Bernardino Caballero

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Bernardino Caballero
Bernardino Caballero.jpg
9th President of Paraguay
In office
Preceded byCándido Bareiro
Succeeded byPatricio Escobar
Personal details
Born(1839-05-20)20 May 1839
Ybycuí, Paraguay
Died26 February 1912(1912-02-26) (aged 72)
Asunción, Paraguay
Known forFounding the Colorado Party

Juan Bernardino Caballero de Añasco y Melgarejo (20 May 1839, Ybycuí, Paraguay – 26 February 1912, Asunción)[1] was a Paraguayan War veteran, the President of Paraguay from 1880 until 1886 and founder of the Colorado Party. He was the leading political figure in Paraguay from early-post-war period until the Liberal revolution of 1904.

Early life[edit]

Born in Ybycuí, Caballero was a descendant of Spanish nobility, the son of Jose Ramón Caballero de Anazco (a descendant from Túpac Huallpa through Inca Garcilaso de la Vega) and his wife Melchora Inés Melgarejo y Genés. Married twice, to María de la Concepción Díaz de Bedoya and to Julia Álvarez. From the first marriage he had two children, Ramon Caballero de Bedoya, married to Martha Cahen, and had issue, and Melchora Caballero de Bedoya, married to her distant cousin Carlos Francisco Saguier Pereira. Outside of his marriages he had a further 90 children, all formally recognized by him, and thus today he has myriad descendants.

Military service[edit]

Caballero joined the Paraguayan Army in 1864 and fought in the Paraguayan War.[2]:75 He participated in the Mato Grosso Campaign. Later he became the assistant of President Francisco Solano López in Humaitá and remaining loyal, rose through the ranks. He became an increasingly important leader of rearguard actions, eventually becoming a cavalry general. Caballero was the greatest living war hero, who was captured by Brazilians on April 8, 1870 near the Apa river after the Battle of Cerro Corá and released in May 1871.[3] During his arrest he became friendly with Brazilians and their political and military support was instrumental later, during his political career.

Post-war politics[edit]

Caballero returned to Asuncion and become involved in the politics, joining the Lopez loyalist faction led by Cándido Bareiro. He was one of the leaders of March and June 1873 revolts and January 1874 revolt against the politically powerful Benigno Ferreira who was forced to go into exile in February 1874. Because of his growing influence, Caballero was made Interior minister in the government of Salvador Jovellanos. In November 1874 Caballero was appointed Minister of Justice, Worship and Education under the new President Juan Bautista Gill.[4] Together with Vice President Higinio Uriarte he was sent to London in 1874-75 to clarify the situation with financial loans.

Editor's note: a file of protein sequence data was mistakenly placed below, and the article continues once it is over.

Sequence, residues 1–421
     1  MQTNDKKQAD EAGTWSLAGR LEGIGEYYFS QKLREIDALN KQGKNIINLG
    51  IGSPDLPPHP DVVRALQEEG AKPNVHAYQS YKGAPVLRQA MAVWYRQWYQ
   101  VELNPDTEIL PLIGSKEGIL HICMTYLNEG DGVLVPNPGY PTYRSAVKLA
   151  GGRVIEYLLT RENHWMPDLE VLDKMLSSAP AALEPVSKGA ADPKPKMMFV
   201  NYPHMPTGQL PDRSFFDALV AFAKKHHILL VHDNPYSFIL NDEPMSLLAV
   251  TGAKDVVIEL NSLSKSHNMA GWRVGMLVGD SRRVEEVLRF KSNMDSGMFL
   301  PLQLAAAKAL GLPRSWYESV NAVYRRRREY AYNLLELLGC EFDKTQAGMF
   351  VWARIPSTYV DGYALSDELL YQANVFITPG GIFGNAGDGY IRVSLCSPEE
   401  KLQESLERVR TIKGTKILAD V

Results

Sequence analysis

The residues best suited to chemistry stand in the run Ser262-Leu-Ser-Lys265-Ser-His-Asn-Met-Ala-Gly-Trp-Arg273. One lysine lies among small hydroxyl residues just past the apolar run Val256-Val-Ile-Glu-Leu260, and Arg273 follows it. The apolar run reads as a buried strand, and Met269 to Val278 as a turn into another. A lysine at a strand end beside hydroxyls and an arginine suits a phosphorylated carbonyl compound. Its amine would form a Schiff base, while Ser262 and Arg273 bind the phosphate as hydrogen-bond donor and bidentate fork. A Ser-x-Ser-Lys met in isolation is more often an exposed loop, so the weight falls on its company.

After the death of Juan Bautista Gill in 1877, he helped to ensure that his political ally Cándido Bareiro was elected to the Presidency.

The coup of 1880[edit]

On September 4, 1880, after the death of Candido Barreiro his Vice President was arrested by the Minister of War and Navy Pedro Duarte. Sagier was then asked to sign his resignation. On the same day Paraguayan Senate met and elected Caballero to the Presidency. Thus, after the short presidencies of politically stronger Gill and Bareiro, the leader of 1873-74 rebellions had come to power.


During his rule he Civil Register was established, city of Villa Florida founded, General Department of Immigration created. In June 1881 Banco Nacional and private Bance del Paraguay were established.[5] During his presidency much of the land previously owned by state and the ruling Lopez family was sold off in order to raise money.

Later political life[edit]

Caballero rigged the 1886 Presidential election to ensure the victory of his close ally Patricio Escobar.[citation needed] In response, his political opponents founded the Liberal Party and two months later Caballero founded the ruling Colorado Party. From 1887 to 1904 as a former President he was also member of Paraguayan Senate.

Caballero maintained a large degree of control as he remained commander of the army and Colorado Party. His favored candidates controlled the country until 1894, when Juan Bautista Eguzquiza overthrew Juan Gualberto González. Caballero helped to organize another coup in 1902, putting Juan Antonio Escurra in power, but after Escurra's overthrow by the Argentine Army, the Liberals took power.

Caballero is remembered as one of the greatest Paraguayan political leaders[by whom?] and is buried in the National Pantheon of the Heroes. The Paraguayan town of General Bernardino Caballero is named after him.


  1. ^ – Birth date Archived 3 September 2011 at the Wayback Machine
  2. ^ Hooker, T.D., 2008, The Paraguayan War, Nottingham: Foundry Books, ISBN 1901543153
  3. ^ Historical Dictionary of Paraguay
  4. ^ Historical Dictionary of Paraguay
  5. ^ Rebirth of the Paraguayan Republic: The First Colorado Era, 1878-1904

Further reading[edit]

  • Warren, Harris G. (1985). Rebirth of the Paraguayan Republic: The First Colorado Era. University of Pittsburgh Press. pp. 51–61. ISBN 978-0-8229-3507-0.
Political offices
Preceded by
Cándido Bareiro
President of Paraguay
Succeeded by
Patricio Escobar